What is SMTP?
We all have heard the term IP, short for Internet Protocol. We need an IP to access the internet but the thing that might have slipped through is the SMTP (Simple Mail Transfer Protocol) which takes care of all the emails. SMTP is the most widely used email protocol and is a part of the TCP/IP protocol which is used to send and receive emails.
So, how does it work?
As part of being a protocol in the application layer, the SMTP server is always waiting for a request. When a mail is sent through an email client (Gmail, Yahoo, Outlook), a TCP connection is made which results in the start of the SMTP process (typically port 25). As soon as the connection is successfully set up, the mail will be sent to the relevant destination. In simpler terms, the mail you want to send is taken from your mail client and sent to the destination.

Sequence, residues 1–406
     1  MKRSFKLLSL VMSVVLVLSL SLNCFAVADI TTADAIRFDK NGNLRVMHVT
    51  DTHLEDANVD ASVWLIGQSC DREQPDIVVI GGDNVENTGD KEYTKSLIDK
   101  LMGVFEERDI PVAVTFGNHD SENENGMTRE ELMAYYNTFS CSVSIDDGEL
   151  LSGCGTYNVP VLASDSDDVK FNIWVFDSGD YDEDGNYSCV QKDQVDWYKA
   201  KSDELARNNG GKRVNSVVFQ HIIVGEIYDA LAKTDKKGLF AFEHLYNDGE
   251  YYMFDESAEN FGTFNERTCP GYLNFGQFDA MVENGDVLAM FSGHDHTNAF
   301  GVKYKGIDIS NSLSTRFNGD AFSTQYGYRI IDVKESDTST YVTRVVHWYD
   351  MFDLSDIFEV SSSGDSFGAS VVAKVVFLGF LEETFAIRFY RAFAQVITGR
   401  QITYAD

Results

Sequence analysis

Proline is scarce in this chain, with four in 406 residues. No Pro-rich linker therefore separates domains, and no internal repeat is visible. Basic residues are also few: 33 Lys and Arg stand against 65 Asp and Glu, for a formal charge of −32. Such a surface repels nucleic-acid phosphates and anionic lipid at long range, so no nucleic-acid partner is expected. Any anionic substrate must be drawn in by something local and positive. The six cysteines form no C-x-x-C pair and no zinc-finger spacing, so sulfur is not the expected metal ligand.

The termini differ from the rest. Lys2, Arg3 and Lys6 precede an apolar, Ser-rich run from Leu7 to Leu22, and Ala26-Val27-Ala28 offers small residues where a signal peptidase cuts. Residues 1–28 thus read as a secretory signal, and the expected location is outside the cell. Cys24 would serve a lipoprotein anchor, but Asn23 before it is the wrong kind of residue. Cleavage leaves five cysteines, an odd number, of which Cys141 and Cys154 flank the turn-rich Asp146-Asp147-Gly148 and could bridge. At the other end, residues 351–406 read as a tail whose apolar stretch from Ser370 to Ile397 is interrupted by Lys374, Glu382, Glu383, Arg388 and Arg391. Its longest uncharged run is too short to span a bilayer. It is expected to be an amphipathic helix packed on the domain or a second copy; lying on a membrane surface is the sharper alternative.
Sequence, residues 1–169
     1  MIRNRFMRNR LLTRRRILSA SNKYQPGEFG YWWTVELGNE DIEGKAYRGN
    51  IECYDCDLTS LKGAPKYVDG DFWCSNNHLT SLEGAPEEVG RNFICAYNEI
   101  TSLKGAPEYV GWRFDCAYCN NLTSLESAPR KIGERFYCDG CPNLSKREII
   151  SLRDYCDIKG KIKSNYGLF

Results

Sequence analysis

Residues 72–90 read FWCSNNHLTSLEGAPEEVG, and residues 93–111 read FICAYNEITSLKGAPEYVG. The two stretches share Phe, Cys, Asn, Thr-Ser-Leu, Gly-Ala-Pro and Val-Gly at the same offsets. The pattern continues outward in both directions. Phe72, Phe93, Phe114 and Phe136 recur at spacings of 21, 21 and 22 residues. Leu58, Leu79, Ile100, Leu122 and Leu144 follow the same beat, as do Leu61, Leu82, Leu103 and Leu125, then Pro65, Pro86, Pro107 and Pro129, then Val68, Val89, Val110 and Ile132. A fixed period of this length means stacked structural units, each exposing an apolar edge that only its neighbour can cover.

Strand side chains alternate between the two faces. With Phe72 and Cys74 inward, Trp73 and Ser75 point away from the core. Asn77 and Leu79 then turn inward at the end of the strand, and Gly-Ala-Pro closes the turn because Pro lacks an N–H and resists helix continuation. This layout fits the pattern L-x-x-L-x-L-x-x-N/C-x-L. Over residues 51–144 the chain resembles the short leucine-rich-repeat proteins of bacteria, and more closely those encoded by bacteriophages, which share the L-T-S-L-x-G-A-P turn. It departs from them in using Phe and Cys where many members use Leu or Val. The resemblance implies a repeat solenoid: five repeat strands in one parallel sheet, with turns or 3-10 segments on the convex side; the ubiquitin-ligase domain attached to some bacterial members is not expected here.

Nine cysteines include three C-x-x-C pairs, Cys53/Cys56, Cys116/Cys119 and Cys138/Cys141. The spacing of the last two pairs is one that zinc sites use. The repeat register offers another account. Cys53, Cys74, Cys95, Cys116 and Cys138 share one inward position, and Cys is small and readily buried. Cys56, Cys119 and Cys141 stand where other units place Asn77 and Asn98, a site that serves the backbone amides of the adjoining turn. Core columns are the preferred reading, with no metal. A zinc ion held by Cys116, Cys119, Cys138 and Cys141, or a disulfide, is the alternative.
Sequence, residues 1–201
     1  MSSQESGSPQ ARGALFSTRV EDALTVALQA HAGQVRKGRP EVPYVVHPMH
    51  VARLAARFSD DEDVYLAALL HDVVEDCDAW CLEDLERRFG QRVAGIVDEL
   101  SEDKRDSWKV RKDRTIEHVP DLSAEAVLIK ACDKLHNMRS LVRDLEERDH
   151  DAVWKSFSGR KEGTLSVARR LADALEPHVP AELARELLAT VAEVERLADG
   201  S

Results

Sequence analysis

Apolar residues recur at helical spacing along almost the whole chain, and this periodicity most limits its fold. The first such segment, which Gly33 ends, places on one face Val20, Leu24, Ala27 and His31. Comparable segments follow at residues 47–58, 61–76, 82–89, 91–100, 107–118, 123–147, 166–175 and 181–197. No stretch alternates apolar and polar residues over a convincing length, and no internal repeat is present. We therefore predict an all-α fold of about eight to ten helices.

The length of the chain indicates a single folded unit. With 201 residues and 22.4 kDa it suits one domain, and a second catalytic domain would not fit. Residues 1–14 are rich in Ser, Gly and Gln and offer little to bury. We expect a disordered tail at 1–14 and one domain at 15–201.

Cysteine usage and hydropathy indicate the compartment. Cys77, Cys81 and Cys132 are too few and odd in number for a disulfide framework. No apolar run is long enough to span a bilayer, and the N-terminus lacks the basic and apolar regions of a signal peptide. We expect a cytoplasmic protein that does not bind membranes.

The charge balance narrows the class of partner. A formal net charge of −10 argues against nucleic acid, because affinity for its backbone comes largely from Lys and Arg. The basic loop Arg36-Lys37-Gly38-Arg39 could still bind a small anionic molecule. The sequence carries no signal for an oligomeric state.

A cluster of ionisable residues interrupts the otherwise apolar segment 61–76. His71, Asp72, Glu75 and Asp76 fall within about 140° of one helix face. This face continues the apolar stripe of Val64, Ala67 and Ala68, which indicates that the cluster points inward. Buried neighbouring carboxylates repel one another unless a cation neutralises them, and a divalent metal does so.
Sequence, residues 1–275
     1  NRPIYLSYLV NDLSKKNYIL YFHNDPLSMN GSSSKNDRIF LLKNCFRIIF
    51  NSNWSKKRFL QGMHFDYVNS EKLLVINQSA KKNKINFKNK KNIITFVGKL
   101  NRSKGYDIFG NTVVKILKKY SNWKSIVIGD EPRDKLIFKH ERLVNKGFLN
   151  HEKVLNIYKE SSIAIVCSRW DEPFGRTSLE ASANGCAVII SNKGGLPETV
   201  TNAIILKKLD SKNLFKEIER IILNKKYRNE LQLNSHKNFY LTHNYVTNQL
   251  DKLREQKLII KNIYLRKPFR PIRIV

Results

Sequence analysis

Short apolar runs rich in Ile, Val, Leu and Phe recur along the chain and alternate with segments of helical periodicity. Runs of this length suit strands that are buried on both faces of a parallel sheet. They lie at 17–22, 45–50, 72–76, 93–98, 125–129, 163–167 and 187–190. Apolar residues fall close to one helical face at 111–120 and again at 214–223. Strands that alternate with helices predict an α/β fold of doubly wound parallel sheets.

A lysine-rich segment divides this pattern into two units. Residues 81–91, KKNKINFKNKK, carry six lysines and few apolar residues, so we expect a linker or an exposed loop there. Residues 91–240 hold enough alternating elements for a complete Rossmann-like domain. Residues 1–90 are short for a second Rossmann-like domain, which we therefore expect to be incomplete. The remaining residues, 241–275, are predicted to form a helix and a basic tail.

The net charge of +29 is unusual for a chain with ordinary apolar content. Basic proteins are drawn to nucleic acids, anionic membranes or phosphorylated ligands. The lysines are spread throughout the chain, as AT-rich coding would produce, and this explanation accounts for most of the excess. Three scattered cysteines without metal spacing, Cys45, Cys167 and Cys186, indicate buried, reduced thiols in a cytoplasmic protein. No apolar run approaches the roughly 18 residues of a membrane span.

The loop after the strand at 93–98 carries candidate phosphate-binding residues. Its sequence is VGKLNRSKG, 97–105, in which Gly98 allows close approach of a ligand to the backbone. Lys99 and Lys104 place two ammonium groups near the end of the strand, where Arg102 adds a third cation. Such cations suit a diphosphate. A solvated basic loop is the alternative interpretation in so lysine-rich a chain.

SMTP works hand in hand with MTA (Mail Transfer Agent). MTA is present in all computers and the functionality of the SMTP is to coordinate between the MTAs so that the email will be successfully sent from point A to point B.
SMTP uses a set of codes which makes it easier to communicate between the mail servers. When an email is sent out, it transforms into plain text separated by codes which make the email server understand the purpose of each section. Each message travels through many servers (sometimes MTAs) before getting to the destination and the special codes enable the process to happen smoothly. Just like traditional mail being handed from one hand to the other, SMTP does the same process but on a digital level.
These are some of the commands being used:
- HELO - starts the conversation by identifying the sender server and its domain name.
- VRFY – Server is asked to verify if a particular email address or username actually exist.
- EXPN – Asks for a confirmation about the identification of a mailing list
- RCPT TO – Identifies recipient of the email. If there are more than one, the command is repeated for each address.
One interesting thing you should know is that SMTP is capable of sending only text. But how do the images, fonts, attachments get sent? Well, Multipurpose Internet Mail Extensions were created which encodes all non-text content into plain text. Now all is text, and off they go through the SMTP.